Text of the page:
Cosmetic surgery is a very unique specialty as it is, for the most part, totally elective. No one needs cosmetic facial surgery! Very few surgeons begin their journey as “strictly cosmetic surgeons”. Having a total cosmetic surgery practice is actually pretty rare because many “cosmetic surgeons” perform other procedures based on their background training. For instance, plastic surgeons may also do burns, trauma, and reconstruction; facial plastic surgeons may also do ENT procedures and skin cancer; oral and maxillofacial surgeons may still do implants and wisdom teeth; dermatologists may still do acne and general dermatology, ophthalmologists may still do cataracts and corneal surgery, etc. Some practitioners love this mix and others only perform the noncosmetic procedures because they have to. If a surgeon is interested in transitioning to a totally cosmetic surgery practice, he or she will eventually drop the ancillary procedures and progress to total cosmetics. I, personally, have limited my practice to cosmetic facial surgery since 2004 and there are certainly pluses and minuses to this. First of all, I love cosmetic facial surgery; it is my passion and I love going to work, so for me this specialization has been awesome. The only negative thing I could think of is the fact that shifts in the economy can affect “luxury” items, which includes cosmetic surgery. Having said this, my bottom line did not droop during the 2008 recession, but many of my colleagues did. Other surgeons will list negatives as having to deal with the sometimes fickle, unpredictable, body dysmorphic, demanding, litigious, and elective patients with unrealistic expectations. Like any job, there are positives and negatives, but most successful cosmetic surgeons I know love what they do, and the positives greatly outweigh the negatives.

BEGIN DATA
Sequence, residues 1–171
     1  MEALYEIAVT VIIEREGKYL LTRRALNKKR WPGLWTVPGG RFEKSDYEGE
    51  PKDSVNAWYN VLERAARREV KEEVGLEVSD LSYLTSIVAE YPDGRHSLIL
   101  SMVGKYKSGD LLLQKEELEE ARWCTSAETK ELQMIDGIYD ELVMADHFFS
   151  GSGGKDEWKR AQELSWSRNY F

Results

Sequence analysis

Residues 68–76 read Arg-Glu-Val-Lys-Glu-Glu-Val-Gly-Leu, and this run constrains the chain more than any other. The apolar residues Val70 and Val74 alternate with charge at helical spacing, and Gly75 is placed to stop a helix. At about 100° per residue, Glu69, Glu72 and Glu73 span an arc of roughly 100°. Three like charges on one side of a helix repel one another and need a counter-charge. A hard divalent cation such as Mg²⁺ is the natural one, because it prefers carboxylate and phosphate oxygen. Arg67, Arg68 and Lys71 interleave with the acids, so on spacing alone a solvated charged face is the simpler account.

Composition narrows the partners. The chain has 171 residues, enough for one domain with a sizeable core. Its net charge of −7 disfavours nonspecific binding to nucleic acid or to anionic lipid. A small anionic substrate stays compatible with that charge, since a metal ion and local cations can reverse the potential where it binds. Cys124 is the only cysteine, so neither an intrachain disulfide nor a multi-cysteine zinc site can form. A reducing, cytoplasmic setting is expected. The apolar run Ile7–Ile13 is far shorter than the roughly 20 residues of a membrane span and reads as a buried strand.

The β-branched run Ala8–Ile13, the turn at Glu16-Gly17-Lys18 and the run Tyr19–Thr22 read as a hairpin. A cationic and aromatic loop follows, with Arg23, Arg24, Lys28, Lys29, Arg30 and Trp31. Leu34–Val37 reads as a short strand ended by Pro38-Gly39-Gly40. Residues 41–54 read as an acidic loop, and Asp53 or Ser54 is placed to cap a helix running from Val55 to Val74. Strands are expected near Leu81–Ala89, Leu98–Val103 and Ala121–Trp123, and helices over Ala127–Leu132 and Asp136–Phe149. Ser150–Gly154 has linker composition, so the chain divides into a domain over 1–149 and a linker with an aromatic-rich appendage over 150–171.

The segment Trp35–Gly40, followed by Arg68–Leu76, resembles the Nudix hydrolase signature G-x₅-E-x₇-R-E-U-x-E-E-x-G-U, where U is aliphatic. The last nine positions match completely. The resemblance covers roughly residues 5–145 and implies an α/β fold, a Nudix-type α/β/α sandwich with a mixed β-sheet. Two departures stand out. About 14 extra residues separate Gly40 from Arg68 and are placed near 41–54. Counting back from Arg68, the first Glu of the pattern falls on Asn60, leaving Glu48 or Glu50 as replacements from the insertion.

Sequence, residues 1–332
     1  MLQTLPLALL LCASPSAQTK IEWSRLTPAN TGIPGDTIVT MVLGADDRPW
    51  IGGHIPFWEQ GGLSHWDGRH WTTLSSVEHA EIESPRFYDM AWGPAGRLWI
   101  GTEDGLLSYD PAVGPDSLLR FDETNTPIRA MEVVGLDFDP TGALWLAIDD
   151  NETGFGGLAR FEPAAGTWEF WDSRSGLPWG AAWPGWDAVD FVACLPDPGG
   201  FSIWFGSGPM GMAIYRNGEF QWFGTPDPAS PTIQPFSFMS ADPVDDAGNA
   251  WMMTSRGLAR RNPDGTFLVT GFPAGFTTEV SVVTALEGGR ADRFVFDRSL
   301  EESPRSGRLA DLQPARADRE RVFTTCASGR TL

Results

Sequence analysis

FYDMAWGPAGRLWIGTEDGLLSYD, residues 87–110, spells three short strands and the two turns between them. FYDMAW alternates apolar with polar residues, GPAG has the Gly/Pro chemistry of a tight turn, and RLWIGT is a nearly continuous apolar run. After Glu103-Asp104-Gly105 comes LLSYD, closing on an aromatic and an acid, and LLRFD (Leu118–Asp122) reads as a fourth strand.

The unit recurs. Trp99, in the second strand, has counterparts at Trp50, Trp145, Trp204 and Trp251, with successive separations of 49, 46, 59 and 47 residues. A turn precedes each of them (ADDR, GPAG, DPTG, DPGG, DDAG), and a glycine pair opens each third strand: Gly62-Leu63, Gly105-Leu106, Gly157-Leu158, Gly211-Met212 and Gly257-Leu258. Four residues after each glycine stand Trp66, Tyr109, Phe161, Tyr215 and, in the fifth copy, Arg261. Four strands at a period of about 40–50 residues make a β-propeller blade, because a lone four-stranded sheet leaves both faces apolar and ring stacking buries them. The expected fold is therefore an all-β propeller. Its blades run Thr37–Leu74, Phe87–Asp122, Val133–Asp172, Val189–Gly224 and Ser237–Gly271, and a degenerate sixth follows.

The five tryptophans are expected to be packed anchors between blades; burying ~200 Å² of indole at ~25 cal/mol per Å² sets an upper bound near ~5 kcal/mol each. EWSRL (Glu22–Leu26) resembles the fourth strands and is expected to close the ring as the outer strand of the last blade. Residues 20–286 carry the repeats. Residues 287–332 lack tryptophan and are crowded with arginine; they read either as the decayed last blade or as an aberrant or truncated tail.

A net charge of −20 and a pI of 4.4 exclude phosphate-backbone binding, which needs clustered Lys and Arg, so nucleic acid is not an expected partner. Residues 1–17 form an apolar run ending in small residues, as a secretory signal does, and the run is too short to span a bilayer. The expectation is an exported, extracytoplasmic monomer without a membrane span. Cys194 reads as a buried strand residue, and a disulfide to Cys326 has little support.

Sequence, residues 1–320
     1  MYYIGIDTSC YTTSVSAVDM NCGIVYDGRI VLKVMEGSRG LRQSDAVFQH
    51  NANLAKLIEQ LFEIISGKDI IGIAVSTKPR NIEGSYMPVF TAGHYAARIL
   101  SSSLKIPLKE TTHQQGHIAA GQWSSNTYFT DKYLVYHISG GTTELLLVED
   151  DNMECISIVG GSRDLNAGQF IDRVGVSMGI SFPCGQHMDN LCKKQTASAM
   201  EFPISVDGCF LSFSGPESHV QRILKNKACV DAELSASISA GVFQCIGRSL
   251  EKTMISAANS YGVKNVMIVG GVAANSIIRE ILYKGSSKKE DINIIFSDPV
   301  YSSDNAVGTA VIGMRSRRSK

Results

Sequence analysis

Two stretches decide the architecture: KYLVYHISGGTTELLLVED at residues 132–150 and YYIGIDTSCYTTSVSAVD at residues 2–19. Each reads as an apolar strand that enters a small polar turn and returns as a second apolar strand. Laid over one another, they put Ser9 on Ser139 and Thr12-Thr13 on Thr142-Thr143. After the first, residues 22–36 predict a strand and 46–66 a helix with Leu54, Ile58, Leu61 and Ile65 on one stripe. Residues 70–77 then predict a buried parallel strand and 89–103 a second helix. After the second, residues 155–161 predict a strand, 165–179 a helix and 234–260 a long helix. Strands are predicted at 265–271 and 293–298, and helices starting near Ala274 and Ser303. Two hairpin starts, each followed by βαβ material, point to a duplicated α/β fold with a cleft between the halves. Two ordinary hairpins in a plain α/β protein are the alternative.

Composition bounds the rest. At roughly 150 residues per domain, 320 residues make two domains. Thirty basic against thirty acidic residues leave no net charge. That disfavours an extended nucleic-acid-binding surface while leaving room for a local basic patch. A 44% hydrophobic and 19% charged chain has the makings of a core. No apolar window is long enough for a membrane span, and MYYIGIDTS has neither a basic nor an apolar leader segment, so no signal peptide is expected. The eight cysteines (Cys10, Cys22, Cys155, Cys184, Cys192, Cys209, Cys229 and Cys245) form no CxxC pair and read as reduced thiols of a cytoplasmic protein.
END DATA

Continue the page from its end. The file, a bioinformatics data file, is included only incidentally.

The cosmetic surgery patient is truly a different animal than many of the patients we experience in residency or in a specialty practice. The biggest difference is that these are elective patients seeking an upper-class luxury. When treating a patient for trauma or malignancy, they are most frequently grateful for your skills because they are emergent. Cosmetic surgery patients, on the other hand, are totally elective and paying a lot of money for services they do not actually need. Fortunately, the vast majority of these patients have positive outcome and are happy with their treatment. Many cosmetic surgery patients may also have significant biopsychosocial implications that complicate normal interaction. Some of these patients have unrealistic expectations, some are body dysmorphic, and some are doing surgery for the wrong reasons. In this case, they may be unhappy with a perfectly acceptable surgical result and this is when things can get problematic. One of the best ways to become a great cosmetic surgeon is to choose the right patients and avoid the wrong ones. This is a skill that usually takes decades to master and will be addressed later in this chapter.